Following a very successful 2017, we were excited to begin work on the first of our larger excavations in May 2018, finally moving our investigations into the Mill Field and the core of the shrunken medieval village at Thornton le Street.
We opened a series of trenches, aiming to answer questions about a number of different parts of the site. From the start of the project, we have wanted to investigate the causeway through the middle of the village remains. It has been claimed that the causeway was the line of a Roman road, though other more recent research has suggested other routes in the vicinity of the village. We opened a large trench that excavated through the causeway in the hope of providing a definitive answer. After a lot of very hard digging by a dedicated team of volunteers, we were able to piece together the sequence of the causeway, showing that it was associated with the medieval and post-medieval occupation on the site, and no trace of a Roman road surface could be found.

A small trench was opened over the entrance to a large and ambiguous enclosure on the west side of the road. Our initial survey of the site had raised a question about whether it was related to the medieval village or was perhaps something later.
Although only measuring a few square metres in area, the trench revealed the highest concentration of medieval pottery discovered so far on the site. Along with a spread of metal-working (smithing) waste from close to the causeway, we are starting to build up a picture of the kinds of activity that people were doing in the village, and also constantly refining the dates of occupation of the settlement.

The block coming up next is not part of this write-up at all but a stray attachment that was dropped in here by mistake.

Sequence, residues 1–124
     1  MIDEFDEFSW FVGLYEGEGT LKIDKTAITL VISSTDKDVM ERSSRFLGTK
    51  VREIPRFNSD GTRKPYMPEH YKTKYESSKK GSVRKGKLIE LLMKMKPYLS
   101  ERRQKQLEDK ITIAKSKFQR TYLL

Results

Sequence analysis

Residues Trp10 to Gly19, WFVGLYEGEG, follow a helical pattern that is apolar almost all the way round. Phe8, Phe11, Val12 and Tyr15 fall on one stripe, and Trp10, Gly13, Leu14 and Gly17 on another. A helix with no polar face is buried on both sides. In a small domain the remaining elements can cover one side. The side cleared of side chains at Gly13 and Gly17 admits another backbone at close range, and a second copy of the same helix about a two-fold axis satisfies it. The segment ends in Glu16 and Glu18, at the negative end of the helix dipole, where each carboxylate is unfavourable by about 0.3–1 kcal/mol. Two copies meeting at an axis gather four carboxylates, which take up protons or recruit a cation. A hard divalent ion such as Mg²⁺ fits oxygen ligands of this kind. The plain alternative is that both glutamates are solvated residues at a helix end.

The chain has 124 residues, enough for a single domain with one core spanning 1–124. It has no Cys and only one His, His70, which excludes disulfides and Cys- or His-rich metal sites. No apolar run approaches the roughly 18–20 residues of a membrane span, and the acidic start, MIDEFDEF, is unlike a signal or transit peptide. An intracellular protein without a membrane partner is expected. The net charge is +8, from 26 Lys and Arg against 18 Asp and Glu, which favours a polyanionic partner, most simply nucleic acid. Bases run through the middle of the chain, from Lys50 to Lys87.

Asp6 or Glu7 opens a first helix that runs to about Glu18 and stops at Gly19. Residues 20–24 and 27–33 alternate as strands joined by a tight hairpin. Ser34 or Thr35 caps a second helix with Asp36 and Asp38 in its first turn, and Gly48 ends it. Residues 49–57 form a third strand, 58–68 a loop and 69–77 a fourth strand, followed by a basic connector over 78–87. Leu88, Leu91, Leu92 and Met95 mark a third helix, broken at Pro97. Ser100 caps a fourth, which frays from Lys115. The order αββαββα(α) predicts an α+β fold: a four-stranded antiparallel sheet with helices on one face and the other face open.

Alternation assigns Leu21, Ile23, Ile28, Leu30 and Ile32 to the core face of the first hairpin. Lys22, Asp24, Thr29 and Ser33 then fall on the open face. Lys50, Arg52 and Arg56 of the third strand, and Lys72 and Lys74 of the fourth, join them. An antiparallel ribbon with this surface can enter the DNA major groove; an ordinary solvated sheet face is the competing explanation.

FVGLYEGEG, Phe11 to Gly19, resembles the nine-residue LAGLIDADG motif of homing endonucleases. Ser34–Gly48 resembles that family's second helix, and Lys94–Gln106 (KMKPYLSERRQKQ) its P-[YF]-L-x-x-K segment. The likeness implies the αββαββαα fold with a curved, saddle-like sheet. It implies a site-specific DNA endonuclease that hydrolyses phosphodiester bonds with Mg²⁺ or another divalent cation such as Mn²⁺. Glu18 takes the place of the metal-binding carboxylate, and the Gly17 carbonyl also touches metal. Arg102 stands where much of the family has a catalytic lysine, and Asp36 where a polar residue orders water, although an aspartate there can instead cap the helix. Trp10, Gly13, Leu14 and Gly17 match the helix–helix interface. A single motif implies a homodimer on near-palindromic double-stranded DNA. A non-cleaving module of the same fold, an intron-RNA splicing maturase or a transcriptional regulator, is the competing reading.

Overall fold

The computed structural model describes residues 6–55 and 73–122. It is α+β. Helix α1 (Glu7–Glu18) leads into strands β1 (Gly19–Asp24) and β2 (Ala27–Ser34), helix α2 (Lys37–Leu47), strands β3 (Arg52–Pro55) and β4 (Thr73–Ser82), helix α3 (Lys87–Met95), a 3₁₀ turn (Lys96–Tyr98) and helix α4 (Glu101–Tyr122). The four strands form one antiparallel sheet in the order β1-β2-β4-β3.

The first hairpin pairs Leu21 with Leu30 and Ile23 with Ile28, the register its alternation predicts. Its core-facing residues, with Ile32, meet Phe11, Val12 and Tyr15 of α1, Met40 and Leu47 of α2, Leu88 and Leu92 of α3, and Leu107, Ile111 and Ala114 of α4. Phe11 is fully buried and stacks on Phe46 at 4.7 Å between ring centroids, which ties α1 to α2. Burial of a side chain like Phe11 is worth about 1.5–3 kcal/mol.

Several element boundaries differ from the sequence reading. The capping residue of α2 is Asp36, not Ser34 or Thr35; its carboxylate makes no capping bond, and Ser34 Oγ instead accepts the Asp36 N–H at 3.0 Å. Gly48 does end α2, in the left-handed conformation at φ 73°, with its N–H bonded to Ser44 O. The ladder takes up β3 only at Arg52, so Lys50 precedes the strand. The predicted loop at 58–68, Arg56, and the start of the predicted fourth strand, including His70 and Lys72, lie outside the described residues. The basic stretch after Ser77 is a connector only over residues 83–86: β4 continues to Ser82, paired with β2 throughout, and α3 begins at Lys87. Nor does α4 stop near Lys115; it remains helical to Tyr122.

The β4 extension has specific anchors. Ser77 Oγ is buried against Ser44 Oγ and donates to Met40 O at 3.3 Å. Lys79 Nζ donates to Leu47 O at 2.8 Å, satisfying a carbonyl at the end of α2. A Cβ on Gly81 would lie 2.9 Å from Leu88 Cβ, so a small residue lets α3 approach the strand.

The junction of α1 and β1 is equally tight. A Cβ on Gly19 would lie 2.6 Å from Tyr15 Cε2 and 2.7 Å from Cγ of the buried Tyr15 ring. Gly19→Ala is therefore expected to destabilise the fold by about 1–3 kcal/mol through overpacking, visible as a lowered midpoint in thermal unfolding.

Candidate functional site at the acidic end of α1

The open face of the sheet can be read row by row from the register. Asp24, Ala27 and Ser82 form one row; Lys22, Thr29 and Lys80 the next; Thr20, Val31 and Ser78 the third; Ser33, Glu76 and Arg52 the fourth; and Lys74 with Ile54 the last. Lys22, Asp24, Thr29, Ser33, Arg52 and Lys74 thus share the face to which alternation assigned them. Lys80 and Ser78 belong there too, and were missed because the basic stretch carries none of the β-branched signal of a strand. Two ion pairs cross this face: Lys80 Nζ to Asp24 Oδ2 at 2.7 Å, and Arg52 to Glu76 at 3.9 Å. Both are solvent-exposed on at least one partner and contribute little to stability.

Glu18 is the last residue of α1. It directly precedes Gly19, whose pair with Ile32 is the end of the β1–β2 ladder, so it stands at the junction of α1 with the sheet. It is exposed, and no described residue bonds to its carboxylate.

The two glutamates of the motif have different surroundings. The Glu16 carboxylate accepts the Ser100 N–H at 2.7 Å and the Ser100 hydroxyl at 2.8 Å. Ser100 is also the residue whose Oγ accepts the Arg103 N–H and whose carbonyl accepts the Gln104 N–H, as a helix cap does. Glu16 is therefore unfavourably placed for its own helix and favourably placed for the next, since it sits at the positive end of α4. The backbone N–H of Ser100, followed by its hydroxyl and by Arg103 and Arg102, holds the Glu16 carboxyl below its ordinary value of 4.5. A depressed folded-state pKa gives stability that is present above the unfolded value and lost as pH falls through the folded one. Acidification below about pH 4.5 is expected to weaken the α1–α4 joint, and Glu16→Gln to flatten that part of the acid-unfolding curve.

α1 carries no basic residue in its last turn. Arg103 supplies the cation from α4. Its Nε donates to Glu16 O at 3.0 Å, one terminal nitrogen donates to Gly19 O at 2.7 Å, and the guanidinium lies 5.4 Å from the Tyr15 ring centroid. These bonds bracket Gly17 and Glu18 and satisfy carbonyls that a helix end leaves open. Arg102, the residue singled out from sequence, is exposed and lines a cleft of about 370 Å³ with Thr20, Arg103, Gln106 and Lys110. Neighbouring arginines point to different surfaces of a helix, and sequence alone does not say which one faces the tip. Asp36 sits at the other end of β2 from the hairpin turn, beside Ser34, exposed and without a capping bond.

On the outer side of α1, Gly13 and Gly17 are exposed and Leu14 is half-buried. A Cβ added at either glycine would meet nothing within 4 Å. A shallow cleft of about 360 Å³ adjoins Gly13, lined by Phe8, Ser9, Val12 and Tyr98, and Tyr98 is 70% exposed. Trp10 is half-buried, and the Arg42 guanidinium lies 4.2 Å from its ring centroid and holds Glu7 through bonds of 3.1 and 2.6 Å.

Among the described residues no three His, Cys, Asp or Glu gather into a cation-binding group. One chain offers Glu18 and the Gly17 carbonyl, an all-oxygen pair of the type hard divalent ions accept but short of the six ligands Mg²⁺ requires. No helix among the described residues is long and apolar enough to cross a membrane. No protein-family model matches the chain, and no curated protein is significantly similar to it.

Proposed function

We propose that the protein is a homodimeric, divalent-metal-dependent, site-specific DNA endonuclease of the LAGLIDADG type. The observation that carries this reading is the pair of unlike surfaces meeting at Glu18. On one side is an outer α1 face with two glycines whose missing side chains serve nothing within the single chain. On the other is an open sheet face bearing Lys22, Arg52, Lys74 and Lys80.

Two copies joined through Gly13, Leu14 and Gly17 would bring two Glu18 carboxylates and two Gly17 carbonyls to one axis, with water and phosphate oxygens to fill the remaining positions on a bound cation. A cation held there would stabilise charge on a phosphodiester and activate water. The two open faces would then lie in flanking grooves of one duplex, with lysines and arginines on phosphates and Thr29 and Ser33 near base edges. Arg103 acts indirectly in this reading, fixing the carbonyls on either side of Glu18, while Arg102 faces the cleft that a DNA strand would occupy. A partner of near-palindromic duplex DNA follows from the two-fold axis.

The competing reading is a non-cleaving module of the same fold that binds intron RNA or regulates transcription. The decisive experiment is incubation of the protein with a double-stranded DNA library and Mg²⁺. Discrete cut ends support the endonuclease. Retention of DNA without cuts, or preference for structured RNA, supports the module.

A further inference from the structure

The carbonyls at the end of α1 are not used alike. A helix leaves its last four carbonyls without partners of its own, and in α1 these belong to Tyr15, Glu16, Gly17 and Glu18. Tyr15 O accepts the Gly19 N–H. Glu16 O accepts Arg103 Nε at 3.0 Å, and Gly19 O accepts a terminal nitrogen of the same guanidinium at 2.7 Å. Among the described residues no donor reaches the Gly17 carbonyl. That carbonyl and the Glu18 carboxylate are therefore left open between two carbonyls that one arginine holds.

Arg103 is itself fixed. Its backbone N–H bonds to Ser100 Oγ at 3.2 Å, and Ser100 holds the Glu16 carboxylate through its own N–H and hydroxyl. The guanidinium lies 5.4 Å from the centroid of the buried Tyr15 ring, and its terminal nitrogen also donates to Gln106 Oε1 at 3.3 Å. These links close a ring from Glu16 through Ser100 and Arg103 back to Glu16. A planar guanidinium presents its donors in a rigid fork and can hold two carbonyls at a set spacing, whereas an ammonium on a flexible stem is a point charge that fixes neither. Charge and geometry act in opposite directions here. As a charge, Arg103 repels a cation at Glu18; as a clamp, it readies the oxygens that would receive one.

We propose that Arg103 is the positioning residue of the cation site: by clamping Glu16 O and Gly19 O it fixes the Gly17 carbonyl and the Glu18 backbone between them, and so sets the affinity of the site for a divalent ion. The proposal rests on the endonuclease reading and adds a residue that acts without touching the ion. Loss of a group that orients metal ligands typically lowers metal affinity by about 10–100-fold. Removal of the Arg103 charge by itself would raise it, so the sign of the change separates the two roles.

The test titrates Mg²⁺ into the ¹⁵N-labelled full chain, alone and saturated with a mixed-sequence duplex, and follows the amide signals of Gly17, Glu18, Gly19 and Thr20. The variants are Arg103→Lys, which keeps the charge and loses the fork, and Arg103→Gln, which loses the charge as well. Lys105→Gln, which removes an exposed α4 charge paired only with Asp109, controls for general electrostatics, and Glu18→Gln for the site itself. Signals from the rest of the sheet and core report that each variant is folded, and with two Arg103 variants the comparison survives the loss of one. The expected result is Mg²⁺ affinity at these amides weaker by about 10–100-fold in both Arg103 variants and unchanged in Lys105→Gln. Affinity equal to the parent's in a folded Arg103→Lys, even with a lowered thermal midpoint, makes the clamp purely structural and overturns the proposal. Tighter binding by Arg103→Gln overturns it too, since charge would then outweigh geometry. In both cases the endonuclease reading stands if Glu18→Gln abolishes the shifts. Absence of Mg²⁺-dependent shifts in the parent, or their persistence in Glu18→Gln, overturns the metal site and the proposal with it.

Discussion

We also returned to the moated site at Moat Farm a few km to the south of the village. Our test-pitting last year gave some tantalising fragments of medieval pottery, and so this year we opened a larger trench over the moat itself. It revealed a depth of waterlogged silt and, most importantly, ‘rubbish’ thrown into the ditch by the people who lived and worked at the site in the medieval period: fragments of pottery, substantial amounts of animal bone and also evidence of metalworking. After specialist analysis, we hope these finds will be able to give us a lot more detail about what kind of site the moat protected and what was going on there.

Perhaps the greatest success so far has been in the wide variety of volunteers who have freely given their time and energy to make the project so enjoyable and informative for all of us involved. We have had great support from the local community as well as people coming from some distance away, even visitors from overseas! Also, we have been lucky enough to have five separate groups of pupils from local primary schools come and dig test pits near the village church, searching for medieval remains at a previously unexplored locale.